There is, of course, no contradiction. The Bible is a perfect harmony. Jesus’ statement of purpose is precisely according to the eternal counsel of God. God’s eternal purpose in Christ Jesus according to which He saved the Church, created the worlds is; war, division, strife, a sword. The revelation of this purpose of God is given already in Paradise. In Genesis 3:15 we read: “And I will put enmity (hatred) between thee and the woman and between thy seed and her seed; it shall bruise thy head and thou shalt bruise his heel.” This word was spoken by God to Satan moments after Satan had tempted our first parents to fall. God said there is going to be hatred between the two seeds: namely, that of the woman or the church (elect) and that of the serpent, or the world (the reprobate). There is conflict here, strife, a battle and bloodshed! And the first instance of that bloodshed soon followed when Cain slew his righteous brother Abel. 

The Bible from this point on records the history of that great conflict between the two seeds. Enoch, the seventh from Adam, prophesied of the impending judgments upon the ungodly and he was translated that he should not see death. Noah for a hundred twenty years was a preacher of righteousness. He testified clearly “the flood is coming” and he gained not one convert, in all that time. Nimrod and the world of his day built their tower of Babel in defiance of God and His cause. The patriarchs were strangers in a strange land. The conflict was revealed in that it was Israel in, Egypt’s bondage. It was the heathen of Canaan against God’s chosen. Finally, it was the whole world united against God’s Old Testament church: Assyria, Syria and Babylon! Wherever, therefore, God revealed Himself in the old dispensation there was division, strife, a sword.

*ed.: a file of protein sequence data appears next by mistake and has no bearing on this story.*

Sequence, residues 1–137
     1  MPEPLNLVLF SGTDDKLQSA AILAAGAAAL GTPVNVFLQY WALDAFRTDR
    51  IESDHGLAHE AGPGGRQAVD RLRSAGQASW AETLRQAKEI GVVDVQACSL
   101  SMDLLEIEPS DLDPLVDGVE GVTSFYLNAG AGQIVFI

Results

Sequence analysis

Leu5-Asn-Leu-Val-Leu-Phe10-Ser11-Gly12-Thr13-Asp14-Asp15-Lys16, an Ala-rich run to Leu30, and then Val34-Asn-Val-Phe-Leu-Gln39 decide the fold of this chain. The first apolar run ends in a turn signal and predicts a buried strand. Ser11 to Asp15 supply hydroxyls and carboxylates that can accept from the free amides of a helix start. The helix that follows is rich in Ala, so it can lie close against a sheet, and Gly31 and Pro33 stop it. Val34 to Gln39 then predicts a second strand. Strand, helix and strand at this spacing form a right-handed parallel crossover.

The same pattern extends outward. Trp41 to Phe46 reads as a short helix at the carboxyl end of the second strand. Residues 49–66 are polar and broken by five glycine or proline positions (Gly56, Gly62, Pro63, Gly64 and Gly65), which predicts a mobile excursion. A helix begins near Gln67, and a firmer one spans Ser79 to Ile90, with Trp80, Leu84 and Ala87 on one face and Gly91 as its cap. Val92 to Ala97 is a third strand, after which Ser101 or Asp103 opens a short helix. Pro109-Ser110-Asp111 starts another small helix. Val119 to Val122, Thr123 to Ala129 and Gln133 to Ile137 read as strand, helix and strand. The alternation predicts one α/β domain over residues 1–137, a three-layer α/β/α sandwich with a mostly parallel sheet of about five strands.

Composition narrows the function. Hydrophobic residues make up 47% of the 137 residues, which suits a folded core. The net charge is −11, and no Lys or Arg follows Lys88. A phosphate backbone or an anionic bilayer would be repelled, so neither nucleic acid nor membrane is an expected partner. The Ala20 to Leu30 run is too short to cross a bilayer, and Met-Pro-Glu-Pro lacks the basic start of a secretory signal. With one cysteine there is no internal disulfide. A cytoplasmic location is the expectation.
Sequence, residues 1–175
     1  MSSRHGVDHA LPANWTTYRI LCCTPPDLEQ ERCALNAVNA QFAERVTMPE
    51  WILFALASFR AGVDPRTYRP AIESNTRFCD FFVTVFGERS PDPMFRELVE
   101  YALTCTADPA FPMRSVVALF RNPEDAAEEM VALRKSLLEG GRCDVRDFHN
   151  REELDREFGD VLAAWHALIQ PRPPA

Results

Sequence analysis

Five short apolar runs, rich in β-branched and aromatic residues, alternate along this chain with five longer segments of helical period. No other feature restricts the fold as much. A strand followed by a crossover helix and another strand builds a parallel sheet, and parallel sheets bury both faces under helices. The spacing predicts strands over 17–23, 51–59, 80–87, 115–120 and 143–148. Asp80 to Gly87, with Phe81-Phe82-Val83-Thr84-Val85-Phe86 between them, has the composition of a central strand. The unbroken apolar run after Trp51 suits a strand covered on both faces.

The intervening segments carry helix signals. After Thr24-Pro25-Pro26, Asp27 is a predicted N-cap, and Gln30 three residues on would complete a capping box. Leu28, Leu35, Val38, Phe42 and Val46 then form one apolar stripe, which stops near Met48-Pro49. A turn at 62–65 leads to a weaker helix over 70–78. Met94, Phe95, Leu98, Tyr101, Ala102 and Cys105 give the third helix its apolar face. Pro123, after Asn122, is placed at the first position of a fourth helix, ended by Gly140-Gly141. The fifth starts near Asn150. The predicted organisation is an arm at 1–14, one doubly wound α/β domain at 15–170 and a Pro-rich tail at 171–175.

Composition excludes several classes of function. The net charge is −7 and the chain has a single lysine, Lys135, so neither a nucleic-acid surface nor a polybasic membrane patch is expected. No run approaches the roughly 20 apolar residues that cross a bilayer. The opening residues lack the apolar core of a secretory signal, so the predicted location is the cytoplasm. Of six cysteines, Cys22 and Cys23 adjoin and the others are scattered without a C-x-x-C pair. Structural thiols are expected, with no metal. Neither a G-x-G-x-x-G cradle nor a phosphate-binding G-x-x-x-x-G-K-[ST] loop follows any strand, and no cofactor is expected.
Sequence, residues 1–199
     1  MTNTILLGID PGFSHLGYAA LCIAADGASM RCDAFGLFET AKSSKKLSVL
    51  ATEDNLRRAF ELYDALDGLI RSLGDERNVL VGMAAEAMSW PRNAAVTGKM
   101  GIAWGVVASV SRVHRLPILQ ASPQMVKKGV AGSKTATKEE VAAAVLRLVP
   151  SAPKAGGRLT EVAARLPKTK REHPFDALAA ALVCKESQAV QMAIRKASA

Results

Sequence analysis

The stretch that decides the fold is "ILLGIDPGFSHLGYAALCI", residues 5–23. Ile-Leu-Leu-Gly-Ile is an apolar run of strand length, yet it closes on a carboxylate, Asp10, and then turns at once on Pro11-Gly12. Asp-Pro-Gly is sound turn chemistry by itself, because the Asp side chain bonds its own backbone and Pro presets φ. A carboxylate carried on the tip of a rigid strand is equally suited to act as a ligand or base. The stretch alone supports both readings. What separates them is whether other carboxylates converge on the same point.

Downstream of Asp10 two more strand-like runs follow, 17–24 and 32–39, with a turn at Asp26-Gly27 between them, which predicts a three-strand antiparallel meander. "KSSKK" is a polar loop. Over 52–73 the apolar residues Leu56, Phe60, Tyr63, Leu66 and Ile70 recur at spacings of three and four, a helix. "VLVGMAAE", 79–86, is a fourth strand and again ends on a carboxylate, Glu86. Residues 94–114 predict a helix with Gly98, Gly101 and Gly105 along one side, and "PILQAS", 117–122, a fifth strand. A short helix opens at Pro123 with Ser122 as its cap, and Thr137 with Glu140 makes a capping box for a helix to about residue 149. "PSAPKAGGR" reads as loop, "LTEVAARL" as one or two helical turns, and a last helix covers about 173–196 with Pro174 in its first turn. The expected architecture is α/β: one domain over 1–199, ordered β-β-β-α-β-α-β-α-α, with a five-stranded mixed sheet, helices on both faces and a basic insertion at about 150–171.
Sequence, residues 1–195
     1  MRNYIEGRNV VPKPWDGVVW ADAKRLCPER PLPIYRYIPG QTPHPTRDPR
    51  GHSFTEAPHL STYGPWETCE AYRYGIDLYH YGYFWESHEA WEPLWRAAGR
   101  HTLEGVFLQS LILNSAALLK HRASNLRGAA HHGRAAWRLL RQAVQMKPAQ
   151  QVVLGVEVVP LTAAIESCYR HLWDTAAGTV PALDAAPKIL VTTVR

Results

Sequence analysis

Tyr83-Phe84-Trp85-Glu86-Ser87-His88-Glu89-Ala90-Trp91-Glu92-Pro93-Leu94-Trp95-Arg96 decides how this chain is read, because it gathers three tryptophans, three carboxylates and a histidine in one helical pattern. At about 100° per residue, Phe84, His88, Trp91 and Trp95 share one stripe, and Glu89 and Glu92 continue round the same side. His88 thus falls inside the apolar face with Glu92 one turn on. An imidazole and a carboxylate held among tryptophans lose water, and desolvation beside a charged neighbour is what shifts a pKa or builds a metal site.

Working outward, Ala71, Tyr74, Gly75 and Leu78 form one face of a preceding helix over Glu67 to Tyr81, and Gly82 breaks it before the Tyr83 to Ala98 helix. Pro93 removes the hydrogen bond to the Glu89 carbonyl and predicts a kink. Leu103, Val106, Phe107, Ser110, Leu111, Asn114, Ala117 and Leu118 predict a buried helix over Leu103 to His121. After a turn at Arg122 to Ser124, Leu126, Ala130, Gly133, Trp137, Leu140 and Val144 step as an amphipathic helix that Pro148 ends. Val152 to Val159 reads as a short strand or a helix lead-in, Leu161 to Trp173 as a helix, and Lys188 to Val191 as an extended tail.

The climax to this battle came in the fullness of time when God sent the promised Son into the world. The sword became obvious already at His birth, or shortly thereafter, when Herod attempted to destroy Him and it continued all through the ministry of the Lord Jesus. Wherever Jesus Christ appeared there was the sword. He was tempted of Satan after being 40 days and nights in the wilderness, He was contradicted, denied, and rejected of men. Always there was during those three and a half years of His public ministry the deliberate attempt on the part of Satan and the world to destroy the cause of God represented in the person of His Son. That became most clearly revealed at His cross where the whole world cried, “away with Him, crucify Him,” and attempted to destroy Him forever! But it was at the cross that the Prince of Peace crushed the head of the serpent. The Bible tells us that at the cross Christ destroyed him that had the power of death, even the devil. And death is swallowed up in the victory of the resurrection of Jesus Christ.